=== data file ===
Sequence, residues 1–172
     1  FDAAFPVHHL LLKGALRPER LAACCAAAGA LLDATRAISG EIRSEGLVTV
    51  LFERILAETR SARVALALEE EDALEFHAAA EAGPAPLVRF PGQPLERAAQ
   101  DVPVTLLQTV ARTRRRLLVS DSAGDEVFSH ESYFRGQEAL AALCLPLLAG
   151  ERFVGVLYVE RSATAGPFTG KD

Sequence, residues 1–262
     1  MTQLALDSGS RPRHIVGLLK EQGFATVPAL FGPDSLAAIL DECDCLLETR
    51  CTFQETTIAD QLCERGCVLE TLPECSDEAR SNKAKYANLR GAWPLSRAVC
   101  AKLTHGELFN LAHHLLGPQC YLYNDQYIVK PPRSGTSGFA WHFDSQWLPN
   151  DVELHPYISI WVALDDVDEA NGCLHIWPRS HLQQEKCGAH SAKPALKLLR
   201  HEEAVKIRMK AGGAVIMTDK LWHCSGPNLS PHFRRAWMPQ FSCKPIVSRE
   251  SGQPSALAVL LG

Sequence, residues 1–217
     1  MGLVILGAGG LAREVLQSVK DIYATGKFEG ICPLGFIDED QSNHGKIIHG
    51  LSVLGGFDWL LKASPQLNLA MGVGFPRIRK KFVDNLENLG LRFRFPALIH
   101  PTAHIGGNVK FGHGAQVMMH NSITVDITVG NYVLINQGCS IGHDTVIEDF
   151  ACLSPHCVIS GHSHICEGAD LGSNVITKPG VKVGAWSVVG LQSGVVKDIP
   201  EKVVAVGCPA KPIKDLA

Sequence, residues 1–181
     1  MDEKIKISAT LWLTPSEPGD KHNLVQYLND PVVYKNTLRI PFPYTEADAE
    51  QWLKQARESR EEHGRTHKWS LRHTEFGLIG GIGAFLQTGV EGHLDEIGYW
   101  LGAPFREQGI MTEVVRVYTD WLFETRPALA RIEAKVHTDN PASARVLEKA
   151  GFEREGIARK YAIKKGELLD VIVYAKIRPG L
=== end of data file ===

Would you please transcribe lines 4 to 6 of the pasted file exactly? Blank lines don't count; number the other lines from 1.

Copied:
   101  DVPVTLLQTV ARTRRRLLVS DSAGDEVFSH ESYFRGQEAL AALCLPLLAG
   151  ERFVGVLYVE RSATAGPFTG KD

Sequence, residues 1–262